The paradox is fascinating: on November 4, as America went to mid-term polls, Pakistani-American cabbie from New York City, Mustafa Hussain, was arguing that participating in the US votes is just a waste of time. In the same breath, he proudly boasted that he had, along with his three friends, participated in a September 27 protest organised by the local Pakistan Tehrik-e-Insaf (PTI) chapter in front of the United Nations when Pakistani Prime Minister Nawaz Sharif was addressing the General Assembly (UNGA).
Hussain&’s case is associated with a large debate attached to the Pakistani Diaspora in the US these days, one that centres on whether they have integrated enough into their adopted country. According to different estimates, up to 500,000 Pakistani Americans live in the US, with the largest populations concentrated in New York, Houston and Chicago, followed by northern and southern California. With a near 100% increase in numbers since 2000, Pakistani-Americans are the second fastest growing Asian immigrant group in the US.
Despite their numbers, social scientists studying the Pakistani Diaspora in America believe that there exists a “myth of return” — that one day, they would leave their adopted country and go back to Pakistan. This notion is among the greatest challenges to integration and socio-cultural assimilation for the Pakistani Diaspora in the US.
“I have been working as a physician for the last 15 years and am settled with family here,” says a physician in the town of Alexandria, Virginia. “But it is also a fact that eventually we have to go back to Pakistan permanently as the US is not our country.”
M Asim Siddiqui, who works with a local Urdu newspaper for Pakistani community in Virginia, argues that after 9/11, Muslim populations in general and the Pakistani community in particular felt insecure and preferred to stay within their community. “Many Pakistani-Americans live in ghettos, mainly near the mosques or Islamic centres, and this is because of their social, cultural and religious culture,” he claims.
A section of analysts think differently.
“Those Pakistanis who are high-end professionals, such as physicians, IT engineers and scientists are easily assimilating in the American culture. But the issue is with low-income Pakistanis who are working as cab drivers or grocery store clerks, and especially with those who came to the US through illegal means or by seeking asylum,” said Pir Zubair Shah, a New York-based researcher, who had worked with the New York Times in Pakistan.
Some analysts believe that it will take time for the Pakistani community as a whole to be fully entrenched in the larger mainstream community. “Pakistanis like to live close to each other and socialise only among themselves,” declares Abdul Quayyum Khan Kundi, a political analyst and former president of the Pakistan Chamber of Commerce USA. “This cuts them off from the mainstream, and reduces contact at the cultural and community level. Their interactions [with others] are only limited to work.”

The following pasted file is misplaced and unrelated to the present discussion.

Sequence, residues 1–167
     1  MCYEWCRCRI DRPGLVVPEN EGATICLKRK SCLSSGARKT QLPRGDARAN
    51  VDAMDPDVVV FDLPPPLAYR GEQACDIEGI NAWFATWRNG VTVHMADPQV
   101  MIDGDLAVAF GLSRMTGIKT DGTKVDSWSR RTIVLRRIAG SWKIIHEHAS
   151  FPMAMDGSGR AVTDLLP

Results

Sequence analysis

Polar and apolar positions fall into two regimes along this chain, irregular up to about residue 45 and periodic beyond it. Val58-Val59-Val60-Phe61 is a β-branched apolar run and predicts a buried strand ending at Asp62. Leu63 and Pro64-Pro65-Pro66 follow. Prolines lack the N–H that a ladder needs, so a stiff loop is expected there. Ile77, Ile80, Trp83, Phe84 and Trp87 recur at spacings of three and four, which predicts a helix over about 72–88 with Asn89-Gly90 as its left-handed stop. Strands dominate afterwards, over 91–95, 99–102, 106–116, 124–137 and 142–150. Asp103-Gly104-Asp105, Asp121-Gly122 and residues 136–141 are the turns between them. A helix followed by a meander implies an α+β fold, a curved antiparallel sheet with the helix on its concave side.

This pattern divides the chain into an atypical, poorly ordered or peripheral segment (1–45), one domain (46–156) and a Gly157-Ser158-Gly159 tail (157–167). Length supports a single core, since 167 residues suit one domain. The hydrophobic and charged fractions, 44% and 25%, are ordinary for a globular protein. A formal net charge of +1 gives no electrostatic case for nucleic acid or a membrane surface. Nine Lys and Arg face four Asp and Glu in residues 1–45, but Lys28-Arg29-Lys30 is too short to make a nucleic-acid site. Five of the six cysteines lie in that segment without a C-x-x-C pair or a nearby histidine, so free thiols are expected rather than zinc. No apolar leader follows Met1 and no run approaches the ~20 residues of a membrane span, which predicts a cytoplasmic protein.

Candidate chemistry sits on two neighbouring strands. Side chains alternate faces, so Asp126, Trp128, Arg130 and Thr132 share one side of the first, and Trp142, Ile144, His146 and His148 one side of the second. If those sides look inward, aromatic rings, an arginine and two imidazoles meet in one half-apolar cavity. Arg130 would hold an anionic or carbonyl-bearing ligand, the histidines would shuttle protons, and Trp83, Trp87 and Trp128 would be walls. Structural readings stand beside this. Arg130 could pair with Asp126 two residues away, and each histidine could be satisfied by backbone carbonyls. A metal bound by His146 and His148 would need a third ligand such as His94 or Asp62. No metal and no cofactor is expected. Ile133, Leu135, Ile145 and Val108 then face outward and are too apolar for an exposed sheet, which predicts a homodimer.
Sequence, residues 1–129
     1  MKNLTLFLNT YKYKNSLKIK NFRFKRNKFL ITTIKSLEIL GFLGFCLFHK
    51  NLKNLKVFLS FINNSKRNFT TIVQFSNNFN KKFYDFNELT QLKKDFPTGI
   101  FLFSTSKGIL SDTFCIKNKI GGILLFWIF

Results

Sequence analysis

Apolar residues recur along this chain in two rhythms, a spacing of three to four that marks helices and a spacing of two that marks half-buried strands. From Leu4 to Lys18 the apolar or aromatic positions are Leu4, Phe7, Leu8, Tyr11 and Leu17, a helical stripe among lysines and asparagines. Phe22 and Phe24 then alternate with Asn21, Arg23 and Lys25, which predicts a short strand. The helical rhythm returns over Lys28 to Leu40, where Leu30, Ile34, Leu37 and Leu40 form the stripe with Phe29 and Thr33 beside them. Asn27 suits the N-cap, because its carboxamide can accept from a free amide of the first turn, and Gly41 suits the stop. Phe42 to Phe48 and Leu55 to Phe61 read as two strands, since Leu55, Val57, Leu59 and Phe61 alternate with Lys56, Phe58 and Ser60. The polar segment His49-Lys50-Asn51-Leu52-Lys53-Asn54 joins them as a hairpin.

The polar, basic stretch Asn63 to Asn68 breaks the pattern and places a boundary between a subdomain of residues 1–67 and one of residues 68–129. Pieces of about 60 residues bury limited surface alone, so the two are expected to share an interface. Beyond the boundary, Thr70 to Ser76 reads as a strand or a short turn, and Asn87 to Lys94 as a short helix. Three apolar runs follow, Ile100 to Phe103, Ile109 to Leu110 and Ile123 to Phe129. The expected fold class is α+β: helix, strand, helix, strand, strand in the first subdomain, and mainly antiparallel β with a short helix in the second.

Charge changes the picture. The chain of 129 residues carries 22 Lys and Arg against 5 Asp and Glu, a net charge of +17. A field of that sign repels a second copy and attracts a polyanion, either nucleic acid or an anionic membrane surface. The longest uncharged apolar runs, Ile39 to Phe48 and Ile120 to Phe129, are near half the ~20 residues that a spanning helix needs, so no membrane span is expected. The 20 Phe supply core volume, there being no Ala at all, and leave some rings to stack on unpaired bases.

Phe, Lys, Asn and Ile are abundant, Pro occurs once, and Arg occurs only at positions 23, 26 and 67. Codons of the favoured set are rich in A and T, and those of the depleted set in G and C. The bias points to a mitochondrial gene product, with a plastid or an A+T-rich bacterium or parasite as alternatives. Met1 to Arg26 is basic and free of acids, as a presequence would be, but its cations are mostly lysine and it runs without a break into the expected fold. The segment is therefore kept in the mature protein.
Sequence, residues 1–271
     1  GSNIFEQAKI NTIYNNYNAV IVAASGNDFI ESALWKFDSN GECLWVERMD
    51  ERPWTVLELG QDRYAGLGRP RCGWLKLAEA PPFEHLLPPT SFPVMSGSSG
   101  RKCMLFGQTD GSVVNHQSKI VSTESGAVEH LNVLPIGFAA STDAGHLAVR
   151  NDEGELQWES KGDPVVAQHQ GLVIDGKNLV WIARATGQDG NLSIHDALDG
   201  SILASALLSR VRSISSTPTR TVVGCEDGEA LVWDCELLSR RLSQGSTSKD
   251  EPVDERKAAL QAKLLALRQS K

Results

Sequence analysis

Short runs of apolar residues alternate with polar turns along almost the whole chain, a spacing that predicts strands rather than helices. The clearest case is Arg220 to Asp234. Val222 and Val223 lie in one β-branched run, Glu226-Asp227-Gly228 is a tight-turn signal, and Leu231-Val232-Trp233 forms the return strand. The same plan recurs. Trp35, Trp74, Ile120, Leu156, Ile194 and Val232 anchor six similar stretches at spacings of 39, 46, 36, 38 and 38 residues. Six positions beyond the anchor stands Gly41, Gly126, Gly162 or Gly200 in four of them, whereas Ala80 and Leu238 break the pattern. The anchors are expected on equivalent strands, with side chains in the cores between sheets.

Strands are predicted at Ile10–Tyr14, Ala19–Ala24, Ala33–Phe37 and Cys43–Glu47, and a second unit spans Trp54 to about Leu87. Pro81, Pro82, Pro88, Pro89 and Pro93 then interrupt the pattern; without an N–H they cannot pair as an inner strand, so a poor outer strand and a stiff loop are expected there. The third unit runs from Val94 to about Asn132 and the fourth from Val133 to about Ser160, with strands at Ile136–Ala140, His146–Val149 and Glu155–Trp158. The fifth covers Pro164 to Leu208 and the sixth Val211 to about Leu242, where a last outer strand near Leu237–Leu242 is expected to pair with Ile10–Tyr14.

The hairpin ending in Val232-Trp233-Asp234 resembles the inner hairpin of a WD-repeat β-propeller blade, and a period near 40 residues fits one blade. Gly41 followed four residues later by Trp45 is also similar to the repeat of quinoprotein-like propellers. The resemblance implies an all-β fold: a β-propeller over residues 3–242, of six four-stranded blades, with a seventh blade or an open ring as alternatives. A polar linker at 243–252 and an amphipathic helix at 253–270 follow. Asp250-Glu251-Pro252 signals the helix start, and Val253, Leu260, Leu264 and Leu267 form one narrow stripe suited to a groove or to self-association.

Integration in American society
Pakistanis are still a newer community in the US. The majority of them arrived in America in the late 1970s and early 1980s. Those arriving were well-placed professionals, such as physicians, engineers, software workers or scientists; many either came directly because of a demand in their profession or as students who stayed back after graduating.
Along with these professionals came their less educated relatives, who were either eligible for migration under immigration visa preference for relatives or through the visa lottery scheme. This demographic is largely working blue-collar jobs.
More than 80 per cent of Pakistani households are family-based, having taken advantage of the family reunion visa option.
Nadeem Hotiana, press attaché at Embassy of Pakistan in Washington, said that Pakistanis in the US form a vibrant social community, with dozens of community, cultural, as well as university-based student events. Local chapters of Pakistani political parties also frequently organise social and cultural gatherings in different parts of the country.
“Although it is true that the Pakistani community has been unable to create a distinct place in American society, the new generation has been active and joining the country&’s prestigious financial and policy-making organisations,” says Hotiana.
Michael Kugelman, an expert on South Asia associated with the Washington-based Woodrow Wilson International Centre for Scholars, argues that many Pakistanis have comfortably become part of American society — particularly the 35 per cent of Pakistani-Americans who were born in the US.
“If we want to talk about those that have struggled to integrate in American society, we’d have to draw from the 65 per cent that were not born here,” says Kugelman. “And even on this count, most of those I’ve met seem comfortable with their identity. They are well-versed in American sports and politics, but at the same time, deeply passionate about what&’s going on back in Pakistan. Rare is the diaspora member who doesn’t have a view on what&’s going on in Pakistan.”
Most issues faced by Pakistani-Americans are immigration-related or manifestations of bilateral relations between the two countries. “When the relationship goes sour, Pakistani-Americans tend to feel the pressure. Conversely, when relations improve, they feel that too,” says Kundi.
Pakistani politics, not US politics
Background interviews with a number of Pakistani Americans suggest that they are more interested in the politics of Pakistan and do not take an equal interest in local politics or elections in the US. This trend was also observed in the November 4 midterm elections.
By contrast, many segments of the Pakistani Diaspora actively follow Pakistani politics in terms of running and joining overseas chapters of Pakistani political parties.
“When you ask them to attend a meeting to do with local elections or with local representatives or to contribute funds, they will make lame excuses. But when leaders of Pakistani political parties visit the US, all of them would not only attend the gatherings but also help organisers financially,” explains Siddiqui.
Almost all Pakistani political parties, especially the PTI, PML-N, Muttahida Qaumi Movement (MQM) and All Pakistan Muslim League (APML), have their chapters and organisational structures in the US. However, political analysts believe that the PTI is possibly the most popular in the Diaspora.